The hoop skirts and bell-like motion crop up again in Jellyeye’s only new piece on the program, Sonata Zero. This is the point at which the troupe’s attempted fusion of East and West fails–though this “sneak preview” is far from irretrievable. Certainly the longest of Jellyeye’s meditative Eastern-style pieces, it seems to go on forever. Intended to commemorate the turn of the millennium, it features a matching prologue and coda, a section for women, a section for men, the return of the hoop skirts, and finally a stunning re-creation of nightfall, complete with starry sky and evening breezes.

Sonata Zero might have come across better had it not appeared at the end of a long program. By the time it began I was exhausted–and I wasn’t even onstage playing my heart out. Instead my heart had been played out for me. One of the most remarkable things about Jellyeye is its revelation of a curious physical-spiritual phenomenon: energy begets energy–the more you put out, the more you’ve got. I witnessed that in the performers, but by the time Sonata Zero rolled around I’d given all the full-blown attention I had to give. After two hours of high-voltage entertainment, I couldn’t make the transition to the meditative Sonata Zero–however much I respect Jellyeye’s project, based in ritual, aiming for transcendence.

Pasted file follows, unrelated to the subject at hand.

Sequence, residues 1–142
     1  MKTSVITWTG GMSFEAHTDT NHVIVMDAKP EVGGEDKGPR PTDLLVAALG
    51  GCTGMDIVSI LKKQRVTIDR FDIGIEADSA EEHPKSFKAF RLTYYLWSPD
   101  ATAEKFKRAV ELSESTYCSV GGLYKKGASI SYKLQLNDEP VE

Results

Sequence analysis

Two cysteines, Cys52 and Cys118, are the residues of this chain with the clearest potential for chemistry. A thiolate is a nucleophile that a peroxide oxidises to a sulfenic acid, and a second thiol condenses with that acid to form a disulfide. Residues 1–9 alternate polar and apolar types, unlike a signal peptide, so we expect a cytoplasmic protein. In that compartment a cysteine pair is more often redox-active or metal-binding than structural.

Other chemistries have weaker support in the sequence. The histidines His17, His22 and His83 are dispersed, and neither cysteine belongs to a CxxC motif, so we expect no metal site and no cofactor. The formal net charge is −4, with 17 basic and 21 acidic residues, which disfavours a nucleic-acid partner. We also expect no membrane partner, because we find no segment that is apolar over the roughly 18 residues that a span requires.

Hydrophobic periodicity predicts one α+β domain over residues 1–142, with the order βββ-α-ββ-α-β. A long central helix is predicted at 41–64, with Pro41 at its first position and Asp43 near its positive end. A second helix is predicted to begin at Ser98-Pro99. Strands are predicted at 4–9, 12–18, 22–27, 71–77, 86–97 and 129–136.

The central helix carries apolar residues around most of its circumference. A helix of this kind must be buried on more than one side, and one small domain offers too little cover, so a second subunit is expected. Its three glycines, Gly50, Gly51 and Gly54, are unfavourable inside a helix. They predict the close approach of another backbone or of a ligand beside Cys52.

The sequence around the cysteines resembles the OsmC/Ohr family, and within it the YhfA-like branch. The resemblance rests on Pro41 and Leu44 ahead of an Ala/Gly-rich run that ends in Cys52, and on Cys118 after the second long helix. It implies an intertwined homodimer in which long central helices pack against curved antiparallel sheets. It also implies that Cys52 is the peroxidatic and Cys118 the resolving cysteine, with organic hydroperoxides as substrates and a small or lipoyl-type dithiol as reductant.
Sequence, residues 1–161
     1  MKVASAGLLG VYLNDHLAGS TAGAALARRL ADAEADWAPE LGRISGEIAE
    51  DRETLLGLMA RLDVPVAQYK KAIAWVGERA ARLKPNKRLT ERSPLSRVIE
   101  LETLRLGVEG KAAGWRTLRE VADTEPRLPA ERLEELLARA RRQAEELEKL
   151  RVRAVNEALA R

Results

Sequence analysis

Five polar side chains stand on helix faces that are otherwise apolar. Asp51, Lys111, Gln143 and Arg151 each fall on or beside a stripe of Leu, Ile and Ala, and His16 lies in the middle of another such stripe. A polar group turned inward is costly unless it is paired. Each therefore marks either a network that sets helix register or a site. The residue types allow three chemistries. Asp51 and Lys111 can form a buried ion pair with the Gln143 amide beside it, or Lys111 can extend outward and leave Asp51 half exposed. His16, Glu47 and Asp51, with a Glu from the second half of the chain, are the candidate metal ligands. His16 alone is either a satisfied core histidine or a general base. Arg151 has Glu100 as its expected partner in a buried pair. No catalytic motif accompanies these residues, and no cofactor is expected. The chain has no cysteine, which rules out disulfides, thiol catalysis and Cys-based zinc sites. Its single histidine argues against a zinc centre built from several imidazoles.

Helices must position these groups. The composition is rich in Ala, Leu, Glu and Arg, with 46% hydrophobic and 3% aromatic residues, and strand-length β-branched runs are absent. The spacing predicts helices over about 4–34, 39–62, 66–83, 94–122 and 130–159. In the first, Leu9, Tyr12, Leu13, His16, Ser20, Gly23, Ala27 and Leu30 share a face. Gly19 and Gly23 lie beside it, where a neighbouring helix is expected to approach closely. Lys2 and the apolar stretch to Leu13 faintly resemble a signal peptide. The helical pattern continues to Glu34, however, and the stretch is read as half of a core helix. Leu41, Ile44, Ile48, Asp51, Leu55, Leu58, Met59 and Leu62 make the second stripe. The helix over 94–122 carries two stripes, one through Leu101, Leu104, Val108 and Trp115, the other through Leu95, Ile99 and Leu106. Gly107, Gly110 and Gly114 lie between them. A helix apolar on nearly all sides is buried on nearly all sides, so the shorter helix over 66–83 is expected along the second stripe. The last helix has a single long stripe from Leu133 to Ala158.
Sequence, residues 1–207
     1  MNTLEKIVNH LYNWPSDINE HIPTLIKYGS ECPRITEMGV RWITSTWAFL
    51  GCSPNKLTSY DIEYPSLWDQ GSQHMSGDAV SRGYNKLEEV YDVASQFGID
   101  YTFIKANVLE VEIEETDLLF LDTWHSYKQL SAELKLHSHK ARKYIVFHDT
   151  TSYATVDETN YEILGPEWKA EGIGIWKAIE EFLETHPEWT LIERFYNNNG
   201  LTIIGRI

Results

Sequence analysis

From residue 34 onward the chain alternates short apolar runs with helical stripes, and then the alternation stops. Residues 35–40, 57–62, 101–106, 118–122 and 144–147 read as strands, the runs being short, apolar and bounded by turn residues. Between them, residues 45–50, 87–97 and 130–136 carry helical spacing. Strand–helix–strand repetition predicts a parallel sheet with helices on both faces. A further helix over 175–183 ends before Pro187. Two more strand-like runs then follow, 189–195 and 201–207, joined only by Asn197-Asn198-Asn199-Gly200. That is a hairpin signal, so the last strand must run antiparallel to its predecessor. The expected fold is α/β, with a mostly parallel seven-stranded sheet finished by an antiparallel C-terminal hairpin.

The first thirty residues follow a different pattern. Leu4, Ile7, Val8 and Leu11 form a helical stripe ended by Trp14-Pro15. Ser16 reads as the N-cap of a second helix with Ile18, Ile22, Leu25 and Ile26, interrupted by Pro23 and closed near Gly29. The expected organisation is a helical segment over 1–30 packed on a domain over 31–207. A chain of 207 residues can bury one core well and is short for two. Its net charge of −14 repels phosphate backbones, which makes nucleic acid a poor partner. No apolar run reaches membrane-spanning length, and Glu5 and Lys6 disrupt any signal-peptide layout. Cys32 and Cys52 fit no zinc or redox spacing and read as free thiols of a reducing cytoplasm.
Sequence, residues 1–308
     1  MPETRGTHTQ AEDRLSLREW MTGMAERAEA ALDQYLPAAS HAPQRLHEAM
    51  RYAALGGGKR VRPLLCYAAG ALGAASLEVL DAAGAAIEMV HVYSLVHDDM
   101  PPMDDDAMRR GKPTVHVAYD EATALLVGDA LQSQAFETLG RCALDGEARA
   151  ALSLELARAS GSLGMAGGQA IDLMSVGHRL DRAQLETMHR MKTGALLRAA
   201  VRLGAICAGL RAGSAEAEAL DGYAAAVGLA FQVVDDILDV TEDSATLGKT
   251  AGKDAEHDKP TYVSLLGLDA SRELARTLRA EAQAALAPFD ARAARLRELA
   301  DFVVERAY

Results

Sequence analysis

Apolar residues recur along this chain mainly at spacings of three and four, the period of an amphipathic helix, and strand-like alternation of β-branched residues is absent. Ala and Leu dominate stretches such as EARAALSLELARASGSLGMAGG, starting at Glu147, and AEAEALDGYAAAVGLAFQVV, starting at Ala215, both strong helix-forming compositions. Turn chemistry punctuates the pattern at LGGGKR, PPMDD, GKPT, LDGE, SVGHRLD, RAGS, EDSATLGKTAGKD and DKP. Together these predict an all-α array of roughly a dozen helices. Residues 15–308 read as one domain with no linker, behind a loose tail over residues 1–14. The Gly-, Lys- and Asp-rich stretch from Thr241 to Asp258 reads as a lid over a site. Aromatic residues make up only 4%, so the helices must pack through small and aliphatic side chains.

Art accompanying story in printed newspaper (not available in this archive): photo by Brad Miller.